How clear of a communicator are you?

Communication, real communication, is much more difficult than we realize. When coaching a group the other day, we were talking about managing remote teams and that poor communication showed up as a gap throughout the organization. It’s not surprising, an Interact study found that 69% of managers are often uncomfortable when communicating with employees, and that study was done pre-Covid!

When people are remote it is important to communicate clearly and articulately. Ask them if they have what they need to be successful in their jobs. Do they have the right technology, a strong internet connection and a quiet place to work? One senior manager talked about always communicating the WHAT and WHY. “What” are we working on relative to the big picture and “why” does it matter to the department or company. Another spoke about communicating with colleagues by asking them to repeat back what was said to them in their own words, such as saying, “Tell me what you just heard, in your own words”.

Always take the time needed to communicate effectively, it’s a time saver in the long run.


“The single biggest problem in communication is the illusion that it has taken place.”

George Bernard Shaw

Worth the Share
The words we use matter. Having worked with so many clients to elevate their communication skills, I am especially sensitive to language that does not show us in our best light. This article from Fast Company highlights six words that make us sound weak and ineffective. It also explains why these words make even the most accomplished person sound less than accomplished. I would add to their list phrases like: Don’t you think? Is that okay? Make sense? Would it be okay? These phrases make us sound less than confident, and diminish our executive presence. Read on to learn the six words… they will surprise you!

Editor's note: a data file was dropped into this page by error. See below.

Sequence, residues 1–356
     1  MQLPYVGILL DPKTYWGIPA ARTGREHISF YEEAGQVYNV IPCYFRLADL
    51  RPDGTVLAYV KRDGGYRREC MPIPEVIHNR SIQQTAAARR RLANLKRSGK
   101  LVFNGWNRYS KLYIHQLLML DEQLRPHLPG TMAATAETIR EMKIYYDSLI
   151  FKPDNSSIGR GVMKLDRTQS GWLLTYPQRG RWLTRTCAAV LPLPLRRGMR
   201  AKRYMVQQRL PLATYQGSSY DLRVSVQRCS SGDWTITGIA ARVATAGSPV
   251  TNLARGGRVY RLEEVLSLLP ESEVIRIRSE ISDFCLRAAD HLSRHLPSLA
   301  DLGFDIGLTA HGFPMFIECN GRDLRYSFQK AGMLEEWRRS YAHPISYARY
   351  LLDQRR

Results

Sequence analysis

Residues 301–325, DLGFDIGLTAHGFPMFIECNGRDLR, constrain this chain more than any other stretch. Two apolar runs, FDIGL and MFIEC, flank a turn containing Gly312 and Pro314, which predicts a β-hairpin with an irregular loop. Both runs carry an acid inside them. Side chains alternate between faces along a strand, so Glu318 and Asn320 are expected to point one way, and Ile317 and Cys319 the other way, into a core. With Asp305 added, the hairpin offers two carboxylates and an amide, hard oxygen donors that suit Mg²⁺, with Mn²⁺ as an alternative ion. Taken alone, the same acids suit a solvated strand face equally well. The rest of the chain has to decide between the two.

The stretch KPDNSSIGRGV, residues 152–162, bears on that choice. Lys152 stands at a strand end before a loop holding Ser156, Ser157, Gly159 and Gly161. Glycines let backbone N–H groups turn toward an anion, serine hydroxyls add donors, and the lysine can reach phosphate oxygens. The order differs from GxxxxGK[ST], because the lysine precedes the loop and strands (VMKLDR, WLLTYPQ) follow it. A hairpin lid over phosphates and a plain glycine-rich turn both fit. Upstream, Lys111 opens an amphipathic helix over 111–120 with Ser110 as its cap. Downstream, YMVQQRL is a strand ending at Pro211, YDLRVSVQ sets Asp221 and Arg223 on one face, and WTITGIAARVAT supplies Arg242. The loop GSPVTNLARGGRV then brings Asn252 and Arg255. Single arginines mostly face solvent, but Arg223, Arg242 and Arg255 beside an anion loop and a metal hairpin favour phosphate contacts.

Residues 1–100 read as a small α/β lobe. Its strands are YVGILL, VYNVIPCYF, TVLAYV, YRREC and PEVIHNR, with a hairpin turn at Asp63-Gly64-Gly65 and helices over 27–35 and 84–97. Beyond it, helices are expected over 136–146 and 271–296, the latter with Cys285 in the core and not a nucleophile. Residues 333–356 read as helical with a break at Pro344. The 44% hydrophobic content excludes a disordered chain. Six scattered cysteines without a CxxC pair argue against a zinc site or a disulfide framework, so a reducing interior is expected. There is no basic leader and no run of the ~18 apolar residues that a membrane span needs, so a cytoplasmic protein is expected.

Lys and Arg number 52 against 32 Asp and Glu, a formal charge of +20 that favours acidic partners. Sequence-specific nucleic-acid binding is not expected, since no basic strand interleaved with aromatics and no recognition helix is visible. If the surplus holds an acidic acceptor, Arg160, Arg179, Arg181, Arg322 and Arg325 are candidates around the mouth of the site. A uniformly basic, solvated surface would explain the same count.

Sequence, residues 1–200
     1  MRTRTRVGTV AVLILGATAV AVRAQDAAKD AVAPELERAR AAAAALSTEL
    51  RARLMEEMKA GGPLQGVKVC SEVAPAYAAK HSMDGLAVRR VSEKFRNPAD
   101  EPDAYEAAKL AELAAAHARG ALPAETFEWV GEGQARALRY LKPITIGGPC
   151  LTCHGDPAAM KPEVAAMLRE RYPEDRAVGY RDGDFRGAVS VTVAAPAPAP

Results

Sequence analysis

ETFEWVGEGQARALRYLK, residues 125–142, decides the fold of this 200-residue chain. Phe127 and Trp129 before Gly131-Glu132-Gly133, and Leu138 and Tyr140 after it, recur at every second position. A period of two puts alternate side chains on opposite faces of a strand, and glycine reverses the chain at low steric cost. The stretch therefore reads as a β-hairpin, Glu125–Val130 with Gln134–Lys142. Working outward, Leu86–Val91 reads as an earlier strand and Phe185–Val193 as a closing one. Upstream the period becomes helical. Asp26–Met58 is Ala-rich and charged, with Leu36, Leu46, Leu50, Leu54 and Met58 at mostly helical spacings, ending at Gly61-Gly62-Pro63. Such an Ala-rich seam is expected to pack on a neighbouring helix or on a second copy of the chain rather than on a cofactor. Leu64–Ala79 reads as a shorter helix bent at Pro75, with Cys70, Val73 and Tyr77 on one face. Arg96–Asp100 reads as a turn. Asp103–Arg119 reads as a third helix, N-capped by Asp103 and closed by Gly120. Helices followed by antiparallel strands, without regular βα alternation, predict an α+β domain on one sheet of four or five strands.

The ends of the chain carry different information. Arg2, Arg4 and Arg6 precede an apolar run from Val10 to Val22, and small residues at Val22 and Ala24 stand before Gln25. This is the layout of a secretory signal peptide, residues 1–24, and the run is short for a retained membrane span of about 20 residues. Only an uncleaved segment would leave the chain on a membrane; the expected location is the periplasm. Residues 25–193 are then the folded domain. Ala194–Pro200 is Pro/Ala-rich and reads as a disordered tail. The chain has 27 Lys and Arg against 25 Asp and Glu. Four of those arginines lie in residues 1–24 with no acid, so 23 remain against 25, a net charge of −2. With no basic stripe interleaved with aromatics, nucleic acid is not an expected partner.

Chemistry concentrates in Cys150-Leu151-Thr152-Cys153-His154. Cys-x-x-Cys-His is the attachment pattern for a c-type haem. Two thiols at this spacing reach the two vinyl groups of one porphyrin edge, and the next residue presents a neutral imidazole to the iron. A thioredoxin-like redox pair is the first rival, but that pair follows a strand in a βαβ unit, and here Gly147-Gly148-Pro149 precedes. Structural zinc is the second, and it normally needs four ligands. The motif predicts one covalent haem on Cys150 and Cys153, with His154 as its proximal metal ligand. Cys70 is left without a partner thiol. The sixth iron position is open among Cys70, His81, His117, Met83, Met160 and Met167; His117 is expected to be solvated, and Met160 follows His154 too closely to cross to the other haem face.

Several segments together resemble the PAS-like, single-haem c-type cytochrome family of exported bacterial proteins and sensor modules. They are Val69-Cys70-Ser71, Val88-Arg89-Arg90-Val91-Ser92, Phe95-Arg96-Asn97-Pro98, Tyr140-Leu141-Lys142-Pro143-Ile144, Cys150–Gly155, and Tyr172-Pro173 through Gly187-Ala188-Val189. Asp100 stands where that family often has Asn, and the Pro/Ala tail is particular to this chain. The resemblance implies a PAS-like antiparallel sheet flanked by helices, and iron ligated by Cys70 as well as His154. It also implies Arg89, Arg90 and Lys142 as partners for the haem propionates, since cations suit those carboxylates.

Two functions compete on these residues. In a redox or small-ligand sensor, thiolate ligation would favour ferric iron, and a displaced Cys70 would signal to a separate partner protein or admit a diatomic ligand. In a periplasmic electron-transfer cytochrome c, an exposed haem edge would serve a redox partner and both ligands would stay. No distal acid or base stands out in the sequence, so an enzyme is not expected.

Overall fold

And Finally...
Last week, I had the opportunity to participate in a full-day workshop for the 7 Habits of Highly Effective People. The book was originally published 32 years ago in 1989, and it’s still relevant today. While the habits were written in order for a specific reason and there is a lot to be said for their effectiveness, Habit 5 resonates with me most. Habit 5 – “Seek first to understand then to be understood” because the key to this habit is all about listening and communication. To understand – listen, and to be understood – be clear, articulate and concise and make sure you are in dialogue with the other person. Have a great week, Mary Jo
To learn more about my 1:1 executive, communication or business growth coaching, custom virtual workshops, the Career Transition program or just to connect, you can reach me at [email protected]